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Surveying the Future

New York District
Published July 13, 2022
Updated: July 13, 2022
group of people posing for photo at caven point marine terminal

Survey technicians, cartographic technicians and unmanned aerial vehicles (UAV) pilots are the boots on the ground for the New York District when it comes to collecting the critical information required by engineers, project planners, and real estate specialists. The Survey Section of the New York District resides within the Operations Support Branch of Operations Division. The teams workload comes from every office in the District when there’s a need for geospatial mapping support. On any given day survey teams are in the field collecting hydrographic and topographic maps to support the delivery of the district’s civil works, military and interagency and international support missions.

group of people posing for photo at caven point marine terminal

Survey technicians, cartographic technicians and unmanned aerial vehicles (UAV) pilots are the boots on the ground for the New York District when it comes to collecting the critical information required by engineers, project planners, and real estate specialists. The Survey Section of the New York District resides within the Operations Support Branch of Operations Division. The teams workload comes from every office in the District when there’s a need for geospatial mapping support. On any given day survey teams are in the field collecting hydrographic and topographic maps to support the delivery of the district’s civil works, military and interagency and international support missions.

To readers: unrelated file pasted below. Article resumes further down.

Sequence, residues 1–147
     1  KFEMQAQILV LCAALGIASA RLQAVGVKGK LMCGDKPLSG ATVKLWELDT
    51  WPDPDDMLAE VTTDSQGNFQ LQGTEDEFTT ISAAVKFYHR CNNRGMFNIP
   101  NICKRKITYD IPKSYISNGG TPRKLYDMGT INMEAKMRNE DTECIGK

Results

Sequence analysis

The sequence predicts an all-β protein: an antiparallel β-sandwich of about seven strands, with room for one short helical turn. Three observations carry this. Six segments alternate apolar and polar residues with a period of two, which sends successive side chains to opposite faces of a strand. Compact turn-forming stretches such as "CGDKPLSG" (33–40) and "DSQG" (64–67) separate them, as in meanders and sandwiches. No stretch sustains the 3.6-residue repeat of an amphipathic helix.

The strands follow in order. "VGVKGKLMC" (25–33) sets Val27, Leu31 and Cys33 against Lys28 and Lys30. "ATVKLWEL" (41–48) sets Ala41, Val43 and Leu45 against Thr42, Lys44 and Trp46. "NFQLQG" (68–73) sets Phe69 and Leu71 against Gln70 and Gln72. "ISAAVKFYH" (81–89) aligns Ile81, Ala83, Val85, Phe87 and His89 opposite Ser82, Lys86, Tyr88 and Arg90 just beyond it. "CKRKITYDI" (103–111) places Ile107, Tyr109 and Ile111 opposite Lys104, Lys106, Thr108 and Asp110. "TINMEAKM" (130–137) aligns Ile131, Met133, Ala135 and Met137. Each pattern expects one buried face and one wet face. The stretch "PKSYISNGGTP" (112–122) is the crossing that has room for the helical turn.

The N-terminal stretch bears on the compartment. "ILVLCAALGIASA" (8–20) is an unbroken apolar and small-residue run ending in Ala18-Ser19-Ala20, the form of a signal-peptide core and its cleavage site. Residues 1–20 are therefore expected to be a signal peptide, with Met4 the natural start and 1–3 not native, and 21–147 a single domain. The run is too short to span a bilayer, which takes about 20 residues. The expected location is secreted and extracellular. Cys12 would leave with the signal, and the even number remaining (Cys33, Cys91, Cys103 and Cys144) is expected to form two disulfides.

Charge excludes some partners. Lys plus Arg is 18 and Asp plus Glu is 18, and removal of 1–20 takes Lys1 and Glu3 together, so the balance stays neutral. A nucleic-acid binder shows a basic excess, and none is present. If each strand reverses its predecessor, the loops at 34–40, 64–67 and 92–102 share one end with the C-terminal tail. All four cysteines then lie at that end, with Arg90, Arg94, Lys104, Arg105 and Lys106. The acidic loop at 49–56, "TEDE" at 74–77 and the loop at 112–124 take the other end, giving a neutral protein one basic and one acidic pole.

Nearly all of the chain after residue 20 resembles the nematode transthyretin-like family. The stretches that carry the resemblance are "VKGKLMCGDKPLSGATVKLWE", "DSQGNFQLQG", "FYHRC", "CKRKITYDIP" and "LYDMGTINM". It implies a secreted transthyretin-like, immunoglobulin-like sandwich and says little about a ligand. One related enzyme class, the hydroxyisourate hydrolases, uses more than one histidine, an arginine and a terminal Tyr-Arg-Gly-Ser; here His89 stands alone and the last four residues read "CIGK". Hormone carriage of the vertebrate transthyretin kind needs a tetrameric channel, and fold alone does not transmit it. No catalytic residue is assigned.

“Building strong” is a motto heard frequently at U.S. Army Corps of Engineers (USACE), New York District and the foundation for every project built strong is an accurate survey. Coastal storm reduction projects, maintenance and deepening dredging contracts, jetty reconstruction, and vertical construction all have one thing in common, accurate and timely surveys.

Survey technicians, cartographic technicians and unmanned aerial vehicles (UAV) pilots are the boots on the ground for the New York District when it comes to collecting the critical information required by engineers, project planners, and real estate specialists. The Survey Section of the New York District resides within the Operations Support Branch of Operations Division. The teams workload comes from every office in the District when there’s a need for geospatial mapping support. On any given day survey teams are in the field collecting hydrographic and topographic maps to support the delivery of the district’s civil works, military and interagency and international support missions.